The Provincial Historical Society bought it and rebuilt it based on the original plans. The even managed to obtain some of the original furniture including a marvelous mahogany dining table.

Lester-Garland dining table

Complete with shipworm holes.

Shipworm holes Lester-Garland table

There was a nice bedroom upstairs.

Lester-Garland bedroom

Along with an art gallery display of embroidered and fabric art umbrellas.

Umbrellas lester-garland house gallery

The light wasn’t great but I did manage to get a few decent shots.

Umbrella lester-garland house gallery

This one was pretty amazing

Umbrella lester-garland house gallery  

Next was the Lester-Garland Mercantile and counting house.

Lester-Garland Mercantile

The Mercantile was a classic general store that continued to serve the community until the early 1950’s. The counting house, on the left, was real fun.

Lester-Garland counting house

We stopped and took a break for a few minutes and I took this shot of the harbor and the fun rock with the whole in it.

Trinity Harbor

And the old wharf building.

Wharf building Trinity NL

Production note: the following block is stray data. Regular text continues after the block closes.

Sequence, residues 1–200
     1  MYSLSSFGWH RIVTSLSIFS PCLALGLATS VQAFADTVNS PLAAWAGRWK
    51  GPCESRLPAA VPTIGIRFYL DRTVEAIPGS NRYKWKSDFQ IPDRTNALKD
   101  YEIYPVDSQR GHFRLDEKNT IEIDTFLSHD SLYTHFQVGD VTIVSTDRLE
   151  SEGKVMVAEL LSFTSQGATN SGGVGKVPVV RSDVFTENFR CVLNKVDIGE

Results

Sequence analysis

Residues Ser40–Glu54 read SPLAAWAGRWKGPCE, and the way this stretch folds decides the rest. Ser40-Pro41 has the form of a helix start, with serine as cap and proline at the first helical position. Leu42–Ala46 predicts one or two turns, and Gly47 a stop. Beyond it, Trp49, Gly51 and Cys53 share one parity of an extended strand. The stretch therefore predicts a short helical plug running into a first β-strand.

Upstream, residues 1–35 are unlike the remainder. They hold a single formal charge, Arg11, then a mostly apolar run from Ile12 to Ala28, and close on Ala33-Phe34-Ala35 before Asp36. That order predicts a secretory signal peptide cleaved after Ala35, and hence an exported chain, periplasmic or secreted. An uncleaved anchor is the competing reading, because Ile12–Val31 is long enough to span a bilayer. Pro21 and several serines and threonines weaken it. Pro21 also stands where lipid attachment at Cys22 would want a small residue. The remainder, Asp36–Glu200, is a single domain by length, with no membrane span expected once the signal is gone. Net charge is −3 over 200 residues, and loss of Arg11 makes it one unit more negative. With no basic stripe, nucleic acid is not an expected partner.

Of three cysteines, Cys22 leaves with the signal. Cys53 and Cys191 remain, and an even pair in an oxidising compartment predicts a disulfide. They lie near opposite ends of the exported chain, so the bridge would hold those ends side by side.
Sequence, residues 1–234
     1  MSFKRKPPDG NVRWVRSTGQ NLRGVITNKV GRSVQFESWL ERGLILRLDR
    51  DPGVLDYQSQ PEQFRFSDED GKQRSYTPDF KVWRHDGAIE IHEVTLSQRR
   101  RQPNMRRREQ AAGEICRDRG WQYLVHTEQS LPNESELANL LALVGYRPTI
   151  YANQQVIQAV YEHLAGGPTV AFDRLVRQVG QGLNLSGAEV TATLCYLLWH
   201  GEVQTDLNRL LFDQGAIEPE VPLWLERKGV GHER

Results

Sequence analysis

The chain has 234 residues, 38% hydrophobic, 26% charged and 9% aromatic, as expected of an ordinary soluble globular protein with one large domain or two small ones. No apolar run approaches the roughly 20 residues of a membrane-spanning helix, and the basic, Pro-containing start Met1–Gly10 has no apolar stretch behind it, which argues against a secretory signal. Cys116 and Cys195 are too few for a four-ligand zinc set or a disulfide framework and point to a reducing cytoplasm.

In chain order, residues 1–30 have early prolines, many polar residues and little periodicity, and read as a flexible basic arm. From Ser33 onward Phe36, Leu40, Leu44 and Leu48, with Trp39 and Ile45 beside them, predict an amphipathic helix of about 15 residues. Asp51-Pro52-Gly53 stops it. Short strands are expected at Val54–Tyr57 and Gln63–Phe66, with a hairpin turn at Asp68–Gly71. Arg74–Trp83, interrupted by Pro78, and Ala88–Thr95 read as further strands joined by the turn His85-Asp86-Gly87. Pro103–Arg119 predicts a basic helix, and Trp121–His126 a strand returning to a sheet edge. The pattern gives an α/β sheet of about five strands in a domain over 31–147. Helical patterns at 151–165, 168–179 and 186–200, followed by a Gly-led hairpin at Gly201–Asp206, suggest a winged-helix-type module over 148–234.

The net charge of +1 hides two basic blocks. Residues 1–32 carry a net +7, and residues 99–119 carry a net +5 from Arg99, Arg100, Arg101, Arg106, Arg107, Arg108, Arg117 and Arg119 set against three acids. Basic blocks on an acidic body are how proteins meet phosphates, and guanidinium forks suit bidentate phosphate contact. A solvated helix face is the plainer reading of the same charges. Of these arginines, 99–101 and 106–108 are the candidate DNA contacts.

Then we visited the cooperage (they made thousands of barrels each year to ship the salt cod to England, the Caribbean, Spain, Portugal and Brazil. Then we walked back along the street and up hill a bit to the Green Family Forge.

Green Family Forge Trinity NL

This is a still active blacksmith’s shop complete with an open hearth that burns coal (from Pennsylvania).

Green Family Forge Trinity NL

There was a Bank of Canada up the street so we hiked up there to see if they had an ATM since we were beginning to run low on Canadian cash. They didn’t have one but they directed us down to the Harbor where there was a restaurant and crafts gallery that had one. On the way I took a photo of the old courthouse which is now another gallery.